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The Chef: Nathan Myhrvold

Lew Tucker, Steve Lohr, Esther Dyson, and Phil Leggiere on The Chef: Nathan Myhrvold

From: Lew Tucker
Date: 1-23-97

Since Myhrvold is in general forward thinking in his views, it is hard to understand his "something of a curmudgeon" stance on Java. He correctly points out that researchers in computer science periodically proclaim some new programming language as being the one which will free us all from the drudgery of actually programming computers, but by focusing on Java the language, Myhrvold may be missing what has so many people excited and why it is being embraced by the industry.

Java is not just another language, but needs to be thought of as a software platform that directly addresses issues that are important for the Internet: dynamic network loading of functionality, program safety and verification, security management, and most importantly, the ability to run a Java program on practically anyone's operating system. This is the "ubiquity" play that allowed HTML to have such a dramatic impact - transforming the pre-Web Internet into what we have today. Java isn't the first attempt to address these issues - virtual machines and portable byte codes have been done before. But by bringing it all together into a single software platform and getting it adopted by the major players, remarkable things can begin to happen. No guarantees, but each new twist causes us to think about problems slightly differently and that's what can lead to fundamental changes in the way we work and use the systems around us.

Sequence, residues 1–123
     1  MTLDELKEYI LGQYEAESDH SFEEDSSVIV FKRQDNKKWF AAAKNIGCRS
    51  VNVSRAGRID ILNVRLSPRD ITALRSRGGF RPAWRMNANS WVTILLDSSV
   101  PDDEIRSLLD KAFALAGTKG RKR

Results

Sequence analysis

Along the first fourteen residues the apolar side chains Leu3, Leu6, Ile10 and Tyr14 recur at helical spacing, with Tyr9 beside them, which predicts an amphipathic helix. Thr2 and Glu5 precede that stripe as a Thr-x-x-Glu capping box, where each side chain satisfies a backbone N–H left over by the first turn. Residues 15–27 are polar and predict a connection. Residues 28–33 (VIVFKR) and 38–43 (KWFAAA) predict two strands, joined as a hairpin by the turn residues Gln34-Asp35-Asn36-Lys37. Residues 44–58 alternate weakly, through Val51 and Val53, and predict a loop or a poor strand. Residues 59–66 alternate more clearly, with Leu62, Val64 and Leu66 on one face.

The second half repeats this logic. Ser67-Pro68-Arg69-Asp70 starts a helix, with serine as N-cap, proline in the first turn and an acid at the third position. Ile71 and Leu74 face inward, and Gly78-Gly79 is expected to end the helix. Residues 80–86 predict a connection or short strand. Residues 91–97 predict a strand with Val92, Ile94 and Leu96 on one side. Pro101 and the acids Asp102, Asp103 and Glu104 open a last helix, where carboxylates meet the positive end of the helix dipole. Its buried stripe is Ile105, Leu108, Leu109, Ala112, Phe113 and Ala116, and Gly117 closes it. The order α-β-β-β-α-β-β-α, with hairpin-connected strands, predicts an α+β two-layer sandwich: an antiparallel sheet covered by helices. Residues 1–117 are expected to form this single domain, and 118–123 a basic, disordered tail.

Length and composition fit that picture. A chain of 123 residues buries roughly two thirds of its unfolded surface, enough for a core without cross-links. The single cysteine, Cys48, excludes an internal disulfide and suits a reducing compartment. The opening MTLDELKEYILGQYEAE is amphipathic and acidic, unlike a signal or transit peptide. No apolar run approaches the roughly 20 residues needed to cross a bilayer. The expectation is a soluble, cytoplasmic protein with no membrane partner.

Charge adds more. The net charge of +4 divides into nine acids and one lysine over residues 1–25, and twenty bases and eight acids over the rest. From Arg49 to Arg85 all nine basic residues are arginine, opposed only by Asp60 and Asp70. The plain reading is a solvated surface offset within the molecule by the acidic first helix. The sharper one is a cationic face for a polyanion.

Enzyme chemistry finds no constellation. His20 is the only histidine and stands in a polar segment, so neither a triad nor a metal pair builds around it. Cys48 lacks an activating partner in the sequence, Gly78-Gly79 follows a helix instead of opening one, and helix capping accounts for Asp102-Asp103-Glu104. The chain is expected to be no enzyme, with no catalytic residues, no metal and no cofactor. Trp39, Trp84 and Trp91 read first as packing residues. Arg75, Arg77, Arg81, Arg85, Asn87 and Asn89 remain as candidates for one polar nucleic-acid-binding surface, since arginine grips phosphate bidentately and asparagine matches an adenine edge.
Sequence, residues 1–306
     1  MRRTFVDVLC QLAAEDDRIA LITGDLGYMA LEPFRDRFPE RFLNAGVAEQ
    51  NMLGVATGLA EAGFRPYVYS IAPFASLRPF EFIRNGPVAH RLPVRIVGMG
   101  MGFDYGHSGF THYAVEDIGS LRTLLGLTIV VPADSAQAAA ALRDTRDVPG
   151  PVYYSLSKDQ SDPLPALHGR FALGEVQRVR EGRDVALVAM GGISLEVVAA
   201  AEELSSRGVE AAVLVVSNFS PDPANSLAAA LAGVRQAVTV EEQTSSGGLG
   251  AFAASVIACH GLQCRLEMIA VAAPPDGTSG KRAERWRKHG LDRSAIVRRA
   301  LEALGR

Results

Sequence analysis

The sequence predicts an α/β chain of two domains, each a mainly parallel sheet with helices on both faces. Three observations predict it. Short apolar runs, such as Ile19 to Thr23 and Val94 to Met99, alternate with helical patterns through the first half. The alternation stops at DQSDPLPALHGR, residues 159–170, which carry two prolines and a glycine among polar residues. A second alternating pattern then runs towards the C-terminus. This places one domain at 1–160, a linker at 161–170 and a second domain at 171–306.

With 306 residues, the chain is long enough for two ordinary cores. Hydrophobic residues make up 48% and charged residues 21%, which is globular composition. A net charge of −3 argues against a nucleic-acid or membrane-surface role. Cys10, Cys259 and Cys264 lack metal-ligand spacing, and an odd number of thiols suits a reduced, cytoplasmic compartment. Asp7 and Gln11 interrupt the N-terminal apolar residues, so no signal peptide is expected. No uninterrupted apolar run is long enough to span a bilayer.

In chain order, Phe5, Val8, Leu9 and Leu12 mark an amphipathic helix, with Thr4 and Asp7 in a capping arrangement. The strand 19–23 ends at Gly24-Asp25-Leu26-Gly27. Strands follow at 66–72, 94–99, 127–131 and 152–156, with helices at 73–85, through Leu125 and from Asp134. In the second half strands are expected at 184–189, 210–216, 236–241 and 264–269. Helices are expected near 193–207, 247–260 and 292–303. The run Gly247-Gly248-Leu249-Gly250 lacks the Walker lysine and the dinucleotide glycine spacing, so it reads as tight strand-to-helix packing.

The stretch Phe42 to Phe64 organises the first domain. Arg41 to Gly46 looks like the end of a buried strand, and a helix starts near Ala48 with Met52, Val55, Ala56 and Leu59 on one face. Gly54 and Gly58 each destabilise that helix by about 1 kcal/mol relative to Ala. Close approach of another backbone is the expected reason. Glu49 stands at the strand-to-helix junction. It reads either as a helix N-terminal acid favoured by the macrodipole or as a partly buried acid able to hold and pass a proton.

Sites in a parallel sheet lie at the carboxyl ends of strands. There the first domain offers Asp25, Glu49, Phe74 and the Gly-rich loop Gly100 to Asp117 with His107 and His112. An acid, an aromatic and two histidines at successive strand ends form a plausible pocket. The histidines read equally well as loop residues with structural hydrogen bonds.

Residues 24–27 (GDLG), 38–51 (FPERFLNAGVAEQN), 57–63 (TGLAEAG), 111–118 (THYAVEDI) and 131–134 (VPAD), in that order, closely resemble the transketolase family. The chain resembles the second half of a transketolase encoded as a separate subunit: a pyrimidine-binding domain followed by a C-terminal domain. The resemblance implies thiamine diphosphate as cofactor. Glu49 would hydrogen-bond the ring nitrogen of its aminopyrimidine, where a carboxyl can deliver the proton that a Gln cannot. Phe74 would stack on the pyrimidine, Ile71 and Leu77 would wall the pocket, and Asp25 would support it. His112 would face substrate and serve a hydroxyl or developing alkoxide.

As Myhrvold says, "the interesting thing about Java will be the programs people create in Java". So what will these programs do and how will Java effect what gets developed? When I was a research director at Thinking Machines we were faced with the problem of how to use massively parallel machines to solve computational problems. Over time we became pretty good at exposing the inherent parallelism in each problem because we weren't afraid to think of the solution in terms of having available millions of "virtual" processors . This often led to elegant solutions that were efficient even on only moderately parallel or serial machines.

With the Internet I believe we are facing a similar situation in that we need to stop thinking about desktops and servers and to start thinking about writing software for the Net. What then will it mean to "program the Net"? I don't really know myself, but judging from the number of Java developers itching to develop applications and services that are designed to live in the Net and care little about the underlying hardware system, I'm sure it won't be long before we find out.

From: Steve Lohr
Date: 1-23-97

Nathan Myhrvold is a futurist with a nice sense of historical analogy. But I've often wondered if there isn't something basically flawed in the television analogy, whether cable or broadcast, that Myhrvold mentions in the interview, and Ted Leonsis of AOL always invokes.